So overall, adjusted EPRA earnings, up GBP 10.8 million to GBP 27.9 million. The interesting number here is the PHP column, GBP 20.3 million, up GBP 3.2 million on the underlying business or just under 19%, reflecting the underlying increases in net rental income from rent reviews and acquisitions and reduced finance costs.

There was a small loss on the derivatives of GBP 4.1 million, fair value. But overall, this is probably the key number in terms of IFRS profit before tax when comparing to the previous period's GBP 41.5 million, an increase of 7.2% compared to GBP 38.7 million in 2018.

Now we come on to the relatively funny bookkeeping adjustments here. So there was a goodwill, if that's the right word to use, the accountants, auditors won't like me using that word, write-off of GBP 138.4 million going through the books. But it's important to note, there was an opposite adjustment, which has to go through reserves for accounting purposes, of GBP 82.2 million. So overall, there was a net impact of around GBP 65 million, which is -- really reflects the mark-to-market value on the MedicX debt that was acquired at acquisition and the deal costs of GBP 14.5 million. There's a further GBP 10.2 million cost to terminate the management agreement with Octopus, the previous managers of -- with Octopus or previous managers of MedicX. So overall, the overall loss from a reported IFRS basis was a loss of GBP 106.1 million. But please don't drill on that too much. The key number from an IFRS point of view is the GBP 41.5 million. So overall, adjusted EPRA earnings per share, 2.8p, an increase of 12%.

Just looking at the EPRA cost ratio. Previously, we had pretty good EPRA cost ratio for PHP. MedicX was around 18.4%. But obviously, the combined business, we've reduced that down to 12.2%. I've already said that is the lowest now in the whole of the U.K. REIT sector. And we hope to be able to help deliver further savings over the second half of the year and into the future. Total expense ratio, that's fallen from 0.6% to 0.5%, again, reflecting the good value for money in terms of the management fee structure that Nexus charges.

Looking at the movements in the EPRA NAV. We started the year at 105.1p. Adjusted EPRA earnings 2.8p were fully paid out as a dividend, exactly the same amount, 2.8p. The revaluation surplus, GBP 17.7 million, equivalent to 1.6p per share. And the net impact of the MedicX merger, 1.4p, reflecting the deal transaction costs. There's a small adjustment for shares issued, reflecting the slight dilution from the convertible bond that issued. So overall, closing NAV 105.2p, flat compared to the start of the year.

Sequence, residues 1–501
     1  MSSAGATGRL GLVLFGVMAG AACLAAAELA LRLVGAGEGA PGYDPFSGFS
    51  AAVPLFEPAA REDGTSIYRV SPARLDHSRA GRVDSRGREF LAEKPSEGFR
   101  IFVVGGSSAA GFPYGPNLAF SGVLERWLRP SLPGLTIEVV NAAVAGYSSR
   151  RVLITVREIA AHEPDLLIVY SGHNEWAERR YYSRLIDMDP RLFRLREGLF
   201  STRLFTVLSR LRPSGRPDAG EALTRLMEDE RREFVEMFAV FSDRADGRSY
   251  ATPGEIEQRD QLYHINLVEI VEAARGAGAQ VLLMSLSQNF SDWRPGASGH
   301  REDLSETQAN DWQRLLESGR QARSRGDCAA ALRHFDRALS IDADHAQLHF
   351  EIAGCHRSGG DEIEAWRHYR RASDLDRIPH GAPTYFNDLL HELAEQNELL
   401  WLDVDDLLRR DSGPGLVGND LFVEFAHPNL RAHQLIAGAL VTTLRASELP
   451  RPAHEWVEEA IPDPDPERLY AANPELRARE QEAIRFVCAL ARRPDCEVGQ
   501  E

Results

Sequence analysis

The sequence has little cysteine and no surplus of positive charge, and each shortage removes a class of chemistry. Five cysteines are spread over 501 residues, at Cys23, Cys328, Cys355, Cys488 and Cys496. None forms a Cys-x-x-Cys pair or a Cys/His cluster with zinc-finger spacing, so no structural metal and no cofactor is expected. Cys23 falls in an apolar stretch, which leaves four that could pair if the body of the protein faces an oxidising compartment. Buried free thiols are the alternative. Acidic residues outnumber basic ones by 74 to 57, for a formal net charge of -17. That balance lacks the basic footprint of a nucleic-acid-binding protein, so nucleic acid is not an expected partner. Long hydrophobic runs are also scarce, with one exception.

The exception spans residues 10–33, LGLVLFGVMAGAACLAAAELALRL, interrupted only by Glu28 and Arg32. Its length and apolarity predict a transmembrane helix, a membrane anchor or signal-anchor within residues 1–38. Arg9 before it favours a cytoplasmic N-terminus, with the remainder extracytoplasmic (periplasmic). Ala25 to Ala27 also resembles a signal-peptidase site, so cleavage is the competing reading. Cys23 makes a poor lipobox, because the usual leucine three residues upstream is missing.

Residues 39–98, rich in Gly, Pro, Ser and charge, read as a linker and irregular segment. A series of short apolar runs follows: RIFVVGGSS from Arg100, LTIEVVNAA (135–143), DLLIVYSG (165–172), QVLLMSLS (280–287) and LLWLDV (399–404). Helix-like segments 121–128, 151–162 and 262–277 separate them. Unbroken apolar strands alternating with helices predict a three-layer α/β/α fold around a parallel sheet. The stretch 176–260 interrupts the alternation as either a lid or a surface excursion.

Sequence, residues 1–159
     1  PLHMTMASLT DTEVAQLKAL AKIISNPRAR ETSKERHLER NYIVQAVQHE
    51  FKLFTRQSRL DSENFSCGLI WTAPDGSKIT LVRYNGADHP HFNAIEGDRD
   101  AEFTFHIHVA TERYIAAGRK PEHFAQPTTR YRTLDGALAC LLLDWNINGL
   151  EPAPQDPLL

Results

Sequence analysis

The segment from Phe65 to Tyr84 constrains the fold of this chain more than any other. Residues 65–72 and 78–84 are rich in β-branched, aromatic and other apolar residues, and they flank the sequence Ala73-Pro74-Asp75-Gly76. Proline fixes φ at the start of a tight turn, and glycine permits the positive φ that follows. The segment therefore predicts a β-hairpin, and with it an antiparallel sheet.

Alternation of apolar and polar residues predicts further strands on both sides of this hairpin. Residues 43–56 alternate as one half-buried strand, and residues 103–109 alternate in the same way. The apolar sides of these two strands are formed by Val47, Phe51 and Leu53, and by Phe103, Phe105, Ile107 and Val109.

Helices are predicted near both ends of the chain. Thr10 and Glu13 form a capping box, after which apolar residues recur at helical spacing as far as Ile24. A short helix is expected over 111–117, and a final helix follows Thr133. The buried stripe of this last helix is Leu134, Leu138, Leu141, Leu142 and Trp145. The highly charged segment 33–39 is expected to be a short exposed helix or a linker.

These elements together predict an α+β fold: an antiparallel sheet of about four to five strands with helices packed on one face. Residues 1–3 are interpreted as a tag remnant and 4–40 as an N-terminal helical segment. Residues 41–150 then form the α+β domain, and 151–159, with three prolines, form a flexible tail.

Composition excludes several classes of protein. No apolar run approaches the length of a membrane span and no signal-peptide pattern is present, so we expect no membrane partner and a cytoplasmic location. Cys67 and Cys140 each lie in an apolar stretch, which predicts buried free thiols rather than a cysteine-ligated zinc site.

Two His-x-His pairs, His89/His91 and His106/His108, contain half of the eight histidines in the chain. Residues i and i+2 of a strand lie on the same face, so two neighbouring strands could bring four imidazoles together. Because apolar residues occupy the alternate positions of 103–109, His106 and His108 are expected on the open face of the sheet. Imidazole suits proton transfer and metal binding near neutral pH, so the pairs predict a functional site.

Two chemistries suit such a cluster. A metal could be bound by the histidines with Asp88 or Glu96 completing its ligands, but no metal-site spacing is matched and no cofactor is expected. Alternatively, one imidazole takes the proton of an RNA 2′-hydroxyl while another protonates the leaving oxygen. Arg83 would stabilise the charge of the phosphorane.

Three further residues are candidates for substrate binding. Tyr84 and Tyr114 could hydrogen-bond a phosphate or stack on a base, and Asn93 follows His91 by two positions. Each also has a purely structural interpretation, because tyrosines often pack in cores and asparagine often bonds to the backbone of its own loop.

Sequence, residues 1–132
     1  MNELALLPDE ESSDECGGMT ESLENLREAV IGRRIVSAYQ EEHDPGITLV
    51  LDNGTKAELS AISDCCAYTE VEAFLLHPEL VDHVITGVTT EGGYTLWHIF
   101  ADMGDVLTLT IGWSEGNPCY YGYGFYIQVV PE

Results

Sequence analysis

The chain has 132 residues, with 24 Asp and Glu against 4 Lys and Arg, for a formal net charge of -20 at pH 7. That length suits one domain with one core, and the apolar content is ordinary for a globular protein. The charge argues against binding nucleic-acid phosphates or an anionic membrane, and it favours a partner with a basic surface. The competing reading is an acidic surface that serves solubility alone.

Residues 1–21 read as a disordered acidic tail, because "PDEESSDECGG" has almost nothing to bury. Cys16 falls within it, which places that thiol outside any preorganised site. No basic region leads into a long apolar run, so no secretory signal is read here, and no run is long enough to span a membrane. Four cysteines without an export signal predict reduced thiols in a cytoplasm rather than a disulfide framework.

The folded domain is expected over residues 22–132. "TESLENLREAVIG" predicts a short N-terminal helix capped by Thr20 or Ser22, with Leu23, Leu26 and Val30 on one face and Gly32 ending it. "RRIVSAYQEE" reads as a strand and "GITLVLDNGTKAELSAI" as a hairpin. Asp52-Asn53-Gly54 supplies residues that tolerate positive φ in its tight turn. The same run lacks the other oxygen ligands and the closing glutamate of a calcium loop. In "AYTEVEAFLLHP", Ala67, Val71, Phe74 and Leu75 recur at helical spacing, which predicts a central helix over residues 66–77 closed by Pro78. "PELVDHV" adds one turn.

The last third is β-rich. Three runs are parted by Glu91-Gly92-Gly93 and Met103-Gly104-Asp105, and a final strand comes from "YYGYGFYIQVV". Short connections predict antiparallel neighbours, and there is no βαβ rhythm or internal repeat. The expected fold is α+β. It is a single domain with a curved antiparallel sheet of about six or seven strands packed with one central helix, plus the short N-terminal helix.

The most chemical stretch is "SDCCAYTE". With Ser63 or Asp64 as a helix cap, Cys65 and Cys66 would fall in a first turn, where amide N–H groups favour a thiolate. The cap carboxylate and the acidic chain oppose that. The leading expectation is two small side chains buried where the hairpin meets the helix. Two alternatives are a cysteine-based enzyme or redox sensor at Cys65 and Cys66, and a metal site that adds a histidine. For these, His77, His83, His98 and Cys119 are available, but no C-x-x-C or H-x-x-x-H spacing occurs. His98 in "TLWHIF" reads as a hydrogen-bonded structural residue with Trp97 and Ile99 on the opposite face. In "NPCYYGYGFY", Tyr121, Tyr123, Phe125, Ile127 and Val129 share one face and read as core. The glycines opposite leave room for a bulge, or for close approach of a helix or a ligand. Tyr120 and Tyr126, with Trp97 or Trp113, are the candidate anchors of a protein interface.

I'm now going to hand you over to Chris. He's going to talk you through the property portfolio.

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Chris Santer, Primary Health Properties Plc - CIO [3]

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All right. Thank you, Richard. So good morning, everybody. Chris Santer, Chief Investment Officer.

And I thought I'd start off by going the right way on the slides, by giving you a bit of an overview of the property portfolio, and of the enlarged property portfolio, and really combining -- setting out and emphasizing how the 2 portfolios really are very complementary and really is more of the business plan which we've been adapting to date in PHP.

So you can see here, the PHP original legacy portfolio and the MedicX portfolio that was added and merged and combined to create the portfolio of 485 properties, of which -- 484 properties, of which we have 15 in Ireland. And really by so many of these metrics, you can see that they are very, very similar and complementary portfolios.

We have a contracted rent roll now across the enlarged group of GBP 125.6 million and a net initial yield of 4.85%. Our average lot size has stayed around the same at GBP 4.9 million. The WAULT of the 2 portfolios was extremely similar and now sits at 13 years unexpired. And our occupancy across the portfolios remains extremely high across both of the portfolios, averaging 99.5%. And as you would expect, 90% of our rent roll remains government-backed, both in the U.K. and in Ireland. I also tried to give a sense here of just the capital value spread across the portfolio. And you can see, we have an average lot size of GBP 4.9 million, and by value, a number of properties in the higher end of that range as well.

In terms of geographic location, the portfolio is very evenly spread across the country, as it was before and it continues to be very evenly spread across the U.K., and increasingly in Ireland, where we have now 15 properties. If anything, between the 2 portfolios, one had slightly more in London, and the other in Scotland, so actually those 2 worked out very well. And we have 20% of the portfolio, for example, is now in London and the Southeast, with 90% of the rent roll coming from government-backed, and 9% from pharmacies and other on-site users.